for five years.)
Their brains fried by coke and fame, the boys kill anyone who gets in their way or on their frazzled nerves. Pinki explains that killing mutes the pain of his father’s suicide. A former army officer, Pinki’s dad impulsively blew his brains out with one foot stuck in a toilet bowl. There’s a touch of Holden Caulfield in Pinki’s voiceover narration, which, I suspect, loses some of its subtlety in the English subtitled version.
Constructed as a series of flashbacks, The Wounds moves at an erratic, frequently frantic pace until the closing scene, which has a relentless, demented logic of its own. Dragojevic uses jagged cuts, oblique angles, and shaky camera moves, but there’s nothing gratuitous about the violence of his cinematic language. Catcher
in the Rye aside, the film plays like a cross
between Los Olvidados and Dead Presidents;
it achieves its most surreal moment in the closing credits, where the McDonald’s and Fruit of the Loom logos are prominently displayed on the list of “sponsors.” Whoever thought The Wounds would be a promo vehicle for the youth market must have been disappointed when the Milosevic government banned all advertisements for the film.
At best a primer, at worst a hagiography, Chuck Workman’s The Source is a documentary about the Beat Generation that rehashes the basic history and relies on horse’s-mouth analysis. Almost all the usual suspects are present and accounted for in new on-camera interviews and/or archival footage. There are the Times Square/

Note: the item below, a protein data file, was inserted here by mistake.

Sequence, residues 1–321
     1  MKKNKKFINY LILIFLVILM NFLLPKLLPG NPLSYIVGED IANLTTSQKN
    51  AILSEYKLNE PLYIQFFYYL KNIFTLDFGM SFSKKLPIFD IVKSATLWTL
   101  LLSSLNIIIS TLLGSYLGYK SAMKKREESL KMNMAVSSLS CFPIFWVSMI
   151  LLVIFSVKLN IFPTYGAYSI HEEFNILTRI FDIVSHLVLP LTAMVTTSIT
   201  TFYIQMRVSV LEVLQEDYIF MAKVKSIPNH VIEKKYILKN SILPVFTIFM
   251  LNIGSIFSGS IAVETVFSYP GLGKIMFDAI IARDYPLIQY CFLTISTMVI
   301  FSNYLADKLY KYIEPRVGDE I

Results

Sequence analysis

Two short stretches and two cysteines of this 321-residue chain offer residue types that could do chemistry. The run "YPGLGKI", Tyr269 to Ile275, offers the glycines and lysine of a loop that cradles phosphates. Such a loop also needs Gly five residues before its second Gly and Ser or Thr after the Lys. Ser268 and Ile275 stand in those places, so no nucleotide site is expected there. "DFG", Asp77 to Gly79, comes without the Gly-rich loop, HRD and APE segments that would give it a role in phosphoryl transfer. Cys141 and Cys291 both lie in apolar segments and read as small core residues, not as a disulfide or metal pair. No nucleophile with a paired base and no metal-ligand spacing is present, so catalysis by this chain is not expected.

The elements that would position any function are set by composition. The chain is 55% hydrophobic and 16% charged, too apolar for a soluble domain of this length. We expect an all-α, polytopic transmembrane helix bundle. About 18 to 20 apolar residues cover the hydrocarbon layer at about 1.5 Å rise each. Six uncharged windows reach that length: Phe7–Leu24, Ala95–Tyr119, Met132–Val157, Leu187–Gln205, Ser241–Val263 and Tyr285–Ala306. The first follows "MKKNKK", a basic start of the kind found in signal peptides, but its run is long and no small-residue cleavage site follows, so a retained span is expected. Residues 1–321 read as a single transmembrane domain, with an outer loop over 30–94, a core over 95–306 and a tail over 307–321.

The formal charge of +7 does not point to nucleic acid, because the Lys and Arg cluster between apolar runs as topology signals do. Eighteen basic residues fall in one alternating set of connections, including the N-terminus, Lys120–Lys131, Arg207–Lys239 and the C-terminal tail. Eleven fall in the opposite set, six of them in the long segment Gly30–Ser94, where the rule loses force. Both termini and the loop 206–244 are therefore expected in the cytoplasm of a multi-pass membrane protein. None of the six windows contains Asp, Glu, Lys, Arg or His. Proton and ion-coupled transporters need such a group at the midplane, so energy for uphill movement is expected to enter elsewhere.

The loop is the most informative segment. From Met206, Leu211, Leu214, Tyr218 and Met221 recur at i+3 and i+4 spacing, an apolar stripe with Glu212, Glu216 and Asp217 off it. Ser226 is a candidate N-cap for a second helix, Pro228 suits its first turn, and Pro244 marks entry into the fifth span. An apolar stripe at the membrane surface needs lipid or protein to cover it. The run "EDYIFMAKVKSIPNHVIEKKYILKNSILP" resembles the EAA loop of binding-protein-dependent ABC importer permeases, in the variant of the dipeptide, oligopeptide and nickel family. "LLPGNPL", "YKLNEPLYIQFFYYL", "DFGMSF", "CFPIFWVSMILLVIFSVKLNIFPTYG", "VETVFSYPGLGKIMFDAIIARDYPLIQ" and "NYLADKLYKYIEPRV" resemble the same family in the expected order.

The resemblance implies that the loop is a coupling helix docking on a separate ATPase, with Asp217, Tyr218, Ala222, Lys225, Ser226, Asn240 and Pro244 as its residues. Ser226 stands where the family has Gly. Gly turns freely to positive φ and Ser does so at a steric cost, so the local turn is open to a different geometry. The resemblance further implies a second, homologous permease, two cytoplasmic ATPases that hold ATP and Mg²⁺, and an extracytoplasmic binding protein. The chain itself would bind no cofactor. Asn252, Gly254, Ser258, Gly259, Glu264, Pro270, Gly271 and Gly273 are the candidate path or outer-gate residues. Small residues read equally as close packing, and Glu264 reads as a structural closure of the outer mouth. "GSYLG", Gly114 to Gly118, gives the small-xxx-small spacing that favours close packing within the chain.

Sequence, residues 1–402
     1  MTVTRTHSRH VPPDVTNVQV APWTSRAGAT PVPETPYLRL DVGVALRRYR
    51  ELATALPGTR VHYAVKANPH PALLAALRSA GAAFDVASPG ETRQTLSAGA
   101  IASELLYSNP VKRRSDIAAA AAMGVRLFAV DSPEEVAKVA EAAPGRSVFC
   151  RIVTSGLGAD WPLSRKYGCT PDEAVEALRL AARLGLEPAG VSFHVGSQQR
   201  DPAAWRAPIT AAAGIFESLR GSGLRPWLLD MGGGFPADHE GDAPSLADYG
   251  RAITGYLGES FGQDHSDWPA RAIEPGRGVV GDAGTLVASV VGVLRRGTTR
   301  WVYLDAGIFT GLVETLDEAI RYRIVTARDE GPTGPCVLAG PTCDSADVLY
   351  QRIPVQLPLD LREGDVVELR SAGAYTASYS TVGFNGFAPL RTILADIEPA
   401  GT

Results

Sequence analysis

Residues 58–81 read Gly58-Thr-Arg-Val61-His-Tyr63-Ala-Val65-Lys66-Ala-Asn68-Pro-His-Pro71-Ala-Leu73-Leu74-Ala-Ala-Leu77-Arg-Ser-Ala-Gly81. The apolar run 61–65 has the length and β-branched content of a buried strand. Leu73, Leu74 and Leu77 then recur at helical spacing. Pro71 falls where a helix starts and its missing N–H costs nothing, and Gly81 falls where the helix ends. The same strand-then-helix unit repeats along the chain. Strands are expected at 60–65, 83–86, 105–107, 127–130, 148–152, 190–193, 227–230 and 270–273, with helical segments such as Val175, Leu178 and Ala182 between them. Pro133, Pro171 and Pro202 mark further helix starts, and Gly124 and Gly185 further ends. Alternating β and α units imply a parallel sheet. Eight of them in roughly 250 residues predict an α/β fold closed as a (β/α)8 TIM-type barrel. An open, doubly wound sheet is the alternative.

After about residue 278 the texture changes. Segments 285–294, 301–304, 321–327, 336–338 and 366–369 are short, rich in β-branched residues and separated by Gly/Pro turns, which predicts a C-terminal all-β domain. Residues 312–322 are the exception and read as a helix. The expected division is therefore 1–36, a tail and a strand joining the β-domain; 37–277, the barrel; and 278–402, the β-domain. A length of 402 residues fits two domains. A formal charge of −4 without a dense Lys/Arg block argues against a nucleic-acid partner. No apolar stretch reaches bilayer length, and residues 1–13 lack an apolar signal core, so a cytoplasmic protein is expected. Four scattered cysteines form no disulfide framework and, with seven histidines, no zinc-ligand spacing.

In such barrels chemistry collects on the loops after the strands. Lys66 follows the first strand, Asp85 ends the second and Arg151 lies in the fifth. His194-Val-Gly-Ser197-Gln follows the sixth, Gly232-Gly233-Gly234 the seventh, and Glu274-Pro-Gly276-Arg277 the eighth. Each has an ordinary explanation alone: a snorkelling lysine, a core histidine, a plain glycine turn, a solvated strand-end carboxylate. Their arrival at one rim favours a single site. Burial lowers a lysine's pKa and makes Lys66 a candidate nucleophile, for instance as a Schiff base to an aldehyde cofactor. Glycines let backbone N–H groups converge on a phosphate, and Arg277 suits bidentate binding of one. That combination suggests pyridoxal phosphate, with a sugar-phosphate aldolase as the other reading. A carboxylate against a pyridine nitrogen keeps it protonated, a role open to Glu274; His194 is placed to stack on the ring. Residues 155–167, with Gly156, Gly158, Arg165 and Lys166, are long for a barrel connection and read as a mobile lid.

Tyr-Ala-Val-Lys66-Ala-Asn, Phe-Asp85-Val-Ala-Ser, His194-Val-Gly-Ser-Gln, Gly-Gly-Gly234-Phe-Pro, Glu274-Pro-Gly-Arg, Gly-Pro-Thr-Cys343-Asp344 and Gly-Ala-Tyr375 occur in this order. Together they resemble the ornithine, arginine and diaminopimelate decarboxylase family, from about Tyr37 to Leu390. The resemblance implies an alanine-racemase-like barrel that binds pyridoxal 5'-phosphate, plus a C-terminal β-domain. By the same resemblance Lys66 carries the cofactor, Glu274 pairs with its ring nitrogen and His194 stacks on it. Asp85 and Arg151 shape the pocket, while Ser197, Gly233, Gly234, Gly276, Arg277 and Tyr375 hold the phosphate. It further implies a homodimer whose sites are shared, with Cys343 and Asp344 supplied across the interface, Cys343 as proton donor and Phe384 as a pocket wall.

Columbia/Downtown Beats: Allen Ginsberg, William Burroughs, Jack Kerouac, Gregory Corso, Herbert Hunke, Amiri Baraka, Ed Sanders, and David Amram (the composer in residence). And there are the West Coast/North Beach Beats: Lawrence Ferlinghetti, Michael McClure, Gary Snyder, Philip Whalen, and Ken Kesey. And there are others, many others, all exuding charisma and camaraderie. (Peter Orlovsky, Ginsberg’s longtime companion, is a notable absence.)
Workman has also put together much home-movie footage of the elusive Neal Cassady (immortalized as Dean Moriarty in On the Road). Since most of it is of the back of his head (he was filmed as he was driving by someone sitting behind him), it doesn’t do much to explain the powerful hold he had over Kerouac and Ginsberg’s imaginations.